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Hydraulic clutch issues


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So for the last few weeks, my MJ has been getting noticably harder to shift. Until the other day when I pretty much lost the clutch completely. So I attempted bleeding the system, no dice. So praying that the internal slave didnt go out, I replaced the not leaky 5-month old master cylinder, and again... no clutch. After excessivly bleeding it, the clutch engagement was exactly as it was before I installed the master, so I don't think the master was the issue.

 

So I'm left with replacing the dreaded internal slave :ack: But I was hoping you guys could check me. I have always had black colored fluid in the master, even after I put the new master in. Now I can start the jeep up with the clutch pedal down, and in first gear. While stationary I can't move into any gears, but I can take off in first. Sometimes there is some "dragging" as the clutch is not fully disengaged while at a stop. And NO I AM NOT DRIVING IT, I had to get it home, so I drove it without using the clutch.

 

I really need to get this fixed, but have limited funds, and this is my dd... Last friday my mustang became inoperable so I can't drive that. And since I am a full time student, with a part time job I never have full days off, so replacing the slave will mean me lying in my driveway until god-knows-how-late until I get this fixed. So obviously I don't want to do this if not absolutely necessary.

 

 

Thanks guys

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Sadly, it probably is the slave, but there are a couple of things to verify first.

 

1) How are you bleeding the clutch? I've seen people (including some who REALLY should know better) try to bleed the clutch by pumping the peddle madly while the bleeder is open. All this does is foam up the fluid. It's a two man job, and it requires patience to do it by the book.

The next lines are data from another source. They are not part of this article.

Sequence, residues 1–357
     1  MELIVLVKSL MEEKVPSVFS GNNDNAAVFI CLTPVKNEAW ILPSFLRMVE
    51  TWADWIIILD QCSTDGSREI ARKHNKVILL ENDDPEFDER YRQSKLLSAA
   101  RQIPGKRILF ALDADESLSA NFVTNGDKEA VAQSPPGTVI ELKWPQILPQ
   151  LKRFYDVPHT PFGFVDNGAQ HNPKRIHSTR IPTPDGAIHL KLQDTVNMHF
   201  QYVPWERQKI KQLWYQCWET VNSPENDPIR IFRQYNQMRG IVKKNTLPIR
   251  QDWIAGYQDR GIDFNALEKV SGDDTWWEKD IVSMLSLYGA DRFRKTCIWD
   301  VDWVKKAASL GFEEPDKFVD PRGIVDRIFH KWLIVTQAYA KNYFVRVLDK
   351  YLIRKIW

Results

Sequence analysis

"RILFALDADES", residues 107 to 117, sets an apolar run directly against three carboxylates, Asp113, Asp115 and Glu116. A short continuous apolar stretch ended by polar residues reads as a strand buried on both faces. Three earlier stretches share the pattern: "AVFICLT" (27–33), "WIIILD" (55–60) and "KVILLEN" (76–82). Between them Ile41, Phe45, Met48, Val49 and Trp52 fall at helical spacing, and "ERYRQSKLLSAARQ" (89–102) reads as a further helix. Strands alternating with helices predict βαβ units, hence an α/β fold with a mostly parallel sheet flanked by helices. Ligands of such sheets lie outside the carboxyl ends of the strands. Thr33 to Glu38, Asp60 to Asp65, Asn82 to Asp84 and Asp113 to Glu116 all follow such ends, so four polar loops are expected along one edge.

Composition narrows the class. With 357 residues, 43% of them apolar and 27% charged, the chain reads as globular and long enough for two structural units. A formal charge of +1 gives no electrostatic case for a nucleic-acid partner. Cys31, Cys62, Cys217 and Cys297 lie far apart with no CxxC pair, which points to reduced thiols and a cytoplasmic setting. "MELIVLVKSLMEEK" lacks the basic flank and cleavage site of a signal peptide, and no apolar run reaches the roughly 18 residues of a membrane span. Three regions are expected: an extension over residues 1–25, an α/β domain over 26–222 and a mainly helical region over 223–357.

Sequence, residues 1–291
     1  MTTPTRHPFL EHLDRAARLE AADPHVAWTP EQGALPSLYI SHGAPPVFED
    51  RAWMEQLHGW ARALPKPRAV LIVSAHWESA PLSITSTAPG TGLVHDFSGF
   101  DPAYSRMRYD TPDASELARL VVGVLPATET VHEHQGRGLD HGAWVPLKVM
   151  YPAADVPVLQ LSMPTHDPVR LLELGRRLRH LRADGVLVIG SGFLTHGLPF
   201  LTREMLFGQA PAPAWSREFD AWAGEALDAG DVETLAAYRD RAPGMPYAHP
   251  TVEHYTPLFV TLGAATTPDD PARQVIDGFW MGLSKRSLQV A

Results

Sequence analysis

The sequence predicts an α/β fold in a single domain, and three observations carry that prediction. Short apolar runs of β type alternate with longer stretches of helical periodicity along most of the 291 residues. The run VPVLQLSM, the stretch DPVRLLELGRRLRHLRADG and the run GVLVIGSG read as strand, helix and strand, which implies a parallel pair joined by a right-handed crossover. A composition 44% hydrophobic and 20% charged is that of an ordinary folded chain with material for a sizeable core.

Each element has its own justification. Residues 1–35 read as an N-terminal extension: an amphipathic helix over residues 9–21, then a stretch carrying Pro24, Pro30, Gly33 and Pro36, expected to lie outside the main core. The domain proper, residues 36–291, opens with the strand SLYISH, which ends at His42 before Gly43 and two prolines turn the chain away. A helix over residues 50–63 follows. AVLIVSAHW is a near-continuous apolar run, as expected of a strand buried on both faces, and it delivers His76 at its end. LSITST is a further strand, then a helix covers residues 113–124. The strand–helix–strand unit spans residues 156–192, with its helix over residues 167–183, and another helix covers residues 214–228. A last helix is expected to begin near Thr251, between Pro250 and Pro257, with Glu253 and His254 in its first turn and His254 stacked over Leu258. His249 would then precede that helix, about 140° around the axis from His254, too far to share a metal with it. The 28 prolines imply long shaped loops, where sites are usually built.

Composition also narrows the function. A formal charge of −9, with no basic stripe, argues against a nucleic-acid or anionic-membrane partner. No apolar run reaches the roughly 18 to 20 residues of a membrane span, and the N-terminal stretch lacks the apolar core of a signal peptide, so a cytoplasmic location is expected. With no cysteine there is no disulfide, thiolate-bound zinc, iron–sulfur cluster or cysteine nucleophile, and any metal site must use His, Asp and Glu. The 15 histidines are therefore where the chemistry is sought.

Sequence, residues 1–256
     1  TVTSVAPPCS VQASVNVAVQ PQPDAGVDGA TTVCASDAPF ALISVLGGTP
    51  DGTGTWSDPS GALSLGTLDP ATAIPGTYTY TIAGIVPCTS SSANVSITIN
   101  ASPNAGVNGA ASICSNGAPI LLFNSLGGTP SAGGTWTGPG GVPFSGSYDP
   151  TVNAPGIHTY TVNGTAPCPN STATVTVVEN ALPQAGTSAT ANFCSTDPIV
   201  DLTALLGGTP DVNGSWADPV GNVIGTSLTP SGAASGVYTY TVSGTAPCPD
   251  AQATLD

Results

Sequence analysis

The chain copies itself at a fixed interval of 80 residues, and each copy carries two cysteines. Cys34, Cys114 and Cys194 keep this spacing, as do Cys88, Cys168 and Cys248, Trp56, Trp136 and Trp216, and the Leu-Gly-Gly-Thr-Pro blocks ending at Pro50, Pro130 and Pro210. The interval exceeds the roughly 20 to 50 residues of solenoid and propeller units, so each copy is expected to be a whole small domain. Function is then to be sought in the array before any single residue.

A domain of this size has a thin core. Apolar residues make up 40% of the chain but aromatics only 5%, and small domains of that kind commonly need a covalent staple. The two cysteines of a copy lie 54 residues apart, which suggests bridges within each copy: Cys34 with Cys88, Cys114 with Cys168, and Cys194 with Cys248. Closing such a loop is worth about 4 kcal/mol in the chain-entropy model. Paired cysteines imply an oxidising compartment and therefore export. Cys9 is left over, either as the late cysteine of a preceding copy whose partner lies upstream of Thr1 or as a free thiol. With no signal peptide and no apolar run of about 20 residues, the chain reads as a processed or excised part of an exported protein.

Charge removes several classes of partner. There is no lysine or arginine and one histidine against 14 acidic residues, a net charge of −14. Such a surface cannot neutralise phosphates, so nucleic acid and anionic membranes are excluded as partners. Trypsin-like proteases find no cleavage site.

2) There is a third component that can cause loss of pressure, and that's the line/hose assembly between the master and slave. I had one blow out at a toll booth in the Massachusetts Turnpike when I was 100 miles from home. That was a looooooong drive with no clutch. Both ends are metal, but the middle portion is rubber, like a brake flex hose, and it can crack. The good news is that you can crawl under the vehicle and look for wetness pretty easily.

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I was bleeding it properly, one person depressing the pedal, then I open the screw...

If you are doing it exactly as you wrote, that is not correct. The correct procedure is for the wrench man to open the bleeder, then the peddle man SLOWLY depresses the pedal. When the peddle hits bottom, it is held there until the wrench man closes the bleeder, and only then is the peddle released. Once the peddle has come back up, it can be pumped once or twice (again, SLOWLY) with the bleeder closed, the peddle is then brought back to the top, and the sequence is repeated.

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in lieu of preventing crappy master to slave lines can one not just purchase a length of brake line and curve it appropriately with a little coiley to give it some spring and thus making a more reliable line?